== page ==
The exception is for routine, good faith, deletion of electronic records. Where an electronic messaging service automatically deletes all messages, that deletion is certainly routine.  However, after you know of a lawsuit, is sending a message with relevant evidence via a means you know will self-destruct good faith?  The exception explicitly doesn’t apply where routine operation is used to hide evidence.

What’s more, courts have sometimes required people to prevent the deletion of otherwise routinely deleted data in order to avoid spoliation sanctions. How could a user of Snapchat or Cyber Dust preserve something that is designed to disappear?

There is a clear tension between the dangers of compromising the privacy offered by ephemeral messaging and the dangers of allowing some users of ephemeral messaging to shelter from justice by actively destroying evidence. Putting every user of ephemeral messaging services at uncertain risk of serious evidentiary sanctions is obviously not an ideal solution.  However, neither is allowing messaging services to shelter users from legal repercussions for illegal actions.

It is likely that a determination of whether sending any given ephemeral message could constitute spoliation would be highly fact specific. However, as it stands, the framework around the treatment of ephemeral messaging is so unclear as to leave parties incapable of entering a courtroom fully prepared.  It is high time that law catches up with technology. Snapchat and ephemeral messaging have been around for over half a decade.

In order to truly know whether use of ephemeral messaging services are spoliation, two things need to be firmly established. First, the exact classification of ephemeral messages.  Whether they will be treated like other types of ephemeral data or like other types of social media.  Second, whether their deletion is routine and in good faith.  Seeing as it is nigh impossible to preserve ephemeral messages, will sending them be subject to an exception to spoliation?  Until this murky area of law is cleared up, users of ephemeral messaging services will be forever left in the lurch.

140-Character Copyright: Are Tweets Subject to Copyright Protection?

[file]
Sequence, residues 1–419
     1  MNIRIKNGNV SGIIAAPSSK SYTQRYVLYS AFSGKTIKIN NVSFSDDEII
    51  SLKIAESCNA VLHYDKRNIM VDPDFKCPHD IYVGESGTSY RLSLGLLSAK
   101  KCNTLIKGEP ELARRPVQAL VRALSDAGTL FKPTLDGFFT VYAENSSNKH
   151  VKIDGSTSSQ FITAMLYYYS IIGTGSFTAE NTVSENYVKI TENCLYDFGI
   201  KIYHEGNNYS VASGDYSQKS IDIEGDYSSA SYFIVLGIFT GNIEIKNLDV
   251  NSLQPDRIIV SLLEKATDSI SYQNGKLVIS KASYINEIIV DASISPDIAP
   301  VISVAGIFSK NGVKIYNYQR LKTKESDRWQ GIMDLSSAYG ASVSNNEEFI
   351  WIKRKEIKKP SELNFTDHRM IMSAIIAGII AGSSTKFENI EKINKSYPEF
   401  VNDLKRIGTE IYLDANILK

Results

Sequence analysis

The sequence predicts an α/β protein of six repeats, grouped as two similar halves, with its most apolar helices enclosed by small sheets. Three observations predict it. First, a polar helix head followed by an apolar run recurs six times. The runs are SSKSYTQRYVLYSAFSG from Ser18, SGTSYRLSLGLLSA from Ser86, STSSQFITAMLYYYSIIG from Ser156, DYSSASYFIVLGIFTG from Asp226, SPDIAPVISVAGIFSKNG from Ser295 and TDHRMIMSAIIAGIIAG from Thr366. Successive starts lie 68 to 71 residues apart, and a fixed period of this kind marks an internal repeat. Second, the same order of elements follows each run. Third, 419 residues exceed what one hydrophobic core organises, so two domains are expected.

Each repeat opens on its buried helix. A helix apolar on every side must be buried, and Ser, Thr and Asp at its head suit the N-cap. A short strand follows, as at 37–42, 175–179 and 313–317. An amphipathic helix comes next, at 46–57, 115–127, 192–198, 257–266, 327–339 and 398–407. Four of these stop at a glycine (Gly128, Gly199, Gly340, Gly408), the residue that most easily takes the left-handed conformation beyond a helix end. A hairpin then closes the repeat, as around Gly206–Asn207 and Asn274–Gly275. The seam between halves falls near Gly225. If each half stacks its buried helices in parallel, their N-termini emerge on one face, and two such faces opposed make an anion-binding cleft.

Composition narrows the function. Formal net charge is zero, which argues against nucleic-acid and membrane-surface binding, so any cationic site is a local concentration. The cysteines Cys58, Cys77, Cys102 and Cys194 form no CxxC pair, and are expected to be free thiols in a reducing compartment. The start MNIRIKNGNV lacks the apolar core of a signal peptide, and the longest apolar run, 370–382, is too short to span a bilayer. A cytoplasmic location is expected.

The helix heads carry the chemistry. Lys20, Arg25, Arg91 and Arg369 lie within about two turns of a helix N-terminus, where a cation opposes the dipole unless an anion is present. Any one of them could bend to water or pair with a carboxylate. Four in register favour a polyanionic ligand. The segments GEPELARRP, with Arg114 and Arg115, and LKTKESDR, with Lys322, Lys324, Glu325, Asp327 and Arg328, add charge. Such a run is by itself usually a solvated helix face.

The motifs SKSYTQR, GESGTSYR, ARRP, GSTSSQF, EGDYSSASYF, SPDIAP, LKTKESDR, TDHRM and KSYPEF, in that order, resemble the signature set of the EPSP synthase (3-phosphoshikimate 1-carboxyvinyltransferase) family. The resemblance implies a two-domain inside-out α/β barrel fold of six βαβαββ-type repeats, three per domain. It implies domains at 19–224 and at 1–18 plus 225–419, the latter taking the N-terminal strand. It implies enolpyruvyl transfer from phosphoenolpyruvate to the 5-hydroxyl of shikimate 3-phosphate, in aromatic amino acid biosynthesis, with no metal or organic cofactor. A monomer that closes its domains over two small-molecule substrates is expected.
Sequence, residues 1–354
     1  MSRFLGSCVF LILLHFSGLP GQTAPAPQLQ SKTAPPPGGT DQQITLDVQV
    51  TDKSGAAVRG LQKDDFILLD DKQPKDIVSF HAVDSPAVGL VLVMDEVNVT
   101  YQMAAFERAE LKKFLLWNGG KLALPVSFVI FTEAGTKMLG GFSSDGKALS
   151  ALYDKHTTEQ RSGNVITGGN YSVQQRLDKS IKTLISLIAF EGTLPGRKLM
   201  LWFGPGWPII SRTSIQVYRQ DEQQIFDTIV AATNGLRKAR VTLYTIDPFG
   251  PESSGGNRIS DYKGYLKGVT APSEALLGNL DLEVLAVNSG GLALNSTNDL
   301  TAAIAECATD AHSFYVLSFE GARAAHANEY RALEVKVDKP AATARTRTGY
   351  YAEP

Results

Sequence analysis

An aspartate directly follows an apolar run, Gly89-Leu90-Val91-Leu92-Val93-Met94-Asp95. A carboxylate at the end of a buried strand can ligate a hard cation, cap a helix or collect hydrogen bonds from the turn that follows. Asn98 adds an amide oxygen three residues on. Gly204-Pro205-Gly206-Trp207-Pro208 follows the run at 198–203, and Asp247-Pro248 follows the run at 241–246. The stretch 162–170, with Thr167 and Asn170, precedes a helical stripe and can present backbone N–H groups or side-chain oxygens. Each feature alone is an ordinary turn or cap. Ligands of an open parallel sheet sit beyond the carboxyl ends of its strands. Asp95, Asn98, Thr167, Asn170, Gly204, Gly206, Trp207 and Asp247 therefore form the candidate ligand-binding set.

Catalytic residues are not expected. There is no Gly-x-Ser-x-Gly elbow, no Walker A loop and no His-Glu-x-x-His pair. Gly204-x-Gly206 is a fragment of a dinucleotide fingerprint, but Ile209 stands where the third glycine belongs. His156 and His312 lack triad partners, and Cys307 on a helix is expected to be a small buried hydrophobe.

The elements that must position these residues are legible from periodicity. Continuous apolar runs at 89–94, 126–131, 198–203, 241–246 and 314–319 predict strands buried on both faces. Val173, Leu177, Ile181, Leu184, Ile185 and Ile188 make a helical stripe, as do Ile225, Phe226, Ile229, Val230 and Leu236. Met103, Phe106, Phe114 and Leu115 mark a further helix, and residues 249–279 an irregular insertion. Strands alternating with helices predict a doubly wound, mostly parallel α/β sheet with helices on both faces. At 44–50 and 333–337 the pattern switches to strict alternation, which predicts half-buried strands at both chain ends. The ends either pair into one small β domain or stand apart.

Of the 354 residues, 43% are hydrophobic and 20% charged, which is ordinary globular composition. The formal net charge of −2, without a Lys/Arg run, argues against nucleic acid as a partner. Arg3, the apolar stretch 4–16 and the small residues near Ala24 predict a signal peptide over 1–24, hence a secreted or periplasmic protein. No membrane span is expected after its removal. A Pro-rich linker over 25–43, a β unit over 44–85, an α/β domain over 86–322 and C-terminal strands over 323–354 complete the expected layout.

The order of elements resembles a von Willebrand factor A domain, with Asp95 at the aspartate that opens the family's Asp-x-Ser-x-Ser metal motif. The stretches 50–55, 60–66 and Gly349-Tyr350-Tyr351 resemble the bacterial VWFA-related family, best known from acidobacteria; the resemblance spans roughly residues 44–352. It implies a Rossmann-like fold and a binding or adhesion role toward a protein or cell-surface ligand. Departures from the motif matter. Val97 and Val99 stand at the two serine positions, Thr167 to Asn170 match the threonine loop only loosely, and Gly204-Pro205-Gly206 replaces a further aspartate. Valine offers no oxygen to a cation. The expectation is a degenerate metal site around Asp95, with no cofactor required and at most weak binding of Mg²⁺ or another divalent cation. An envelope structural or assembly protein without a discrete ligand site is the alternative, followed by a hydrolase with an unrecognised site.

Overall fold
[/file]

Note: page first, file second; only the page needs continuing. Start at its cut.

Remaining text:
Approximately 6,000 tweets are tweeted to Twitter every second.  If you thought that sentence was confusing, that’s nothing compared to hashing out whether these tweets are protected by copyright law.  Twitter’s terms and conditions certainly imply that they believe tweets merit copyright, promising to respond to notices of copyright infringement.

However, the answer to the question of tweets receiving copyright protection under U.S. law is a resounding “it depends.”  Whether your tweet will be protected depends on the content of your tweet and how your alleged infringer used your tweet.

Copyright in the U.S.

In order to receive copyright protection in the U.S., a work must be original and fixed in a tangible medium. Fixation is achieved by storing the work in any medium that can be perceived, reproduced, or otherwise communicated.  To be original, a work requires only minimal creativity.  Once a sufficiently original work is fixed, copyright attaches to that work immediately upon its fixation.  While registering a copyright provides numerous advantages in a lawsuit, it is not necessary to receive copyright protection. twitter lawyer attorney

The act of posting a tweet online certainly is sufficient to establish fixation. Originality is a very low standard, usually only requiring more than mere mechanical reproduction of a previous work.  While recitations of facts are not protectable on their own, a telephone book listing phone numbers could receive copyright protection based on an original form of sorting these numbers.

However, U.S. Courts have historically looked with disfavor on short phrases when it comes to originality.  This is the largest issue in determining whether any given tweet will receive copyright protection.

The Originality Test for Short Phrases Such as Tweets

The courts’ disfavor towards short phrases usually comes up when they are separated from a larger work. So what about the originality analysis when the short phrase is the work—such as with a tweet?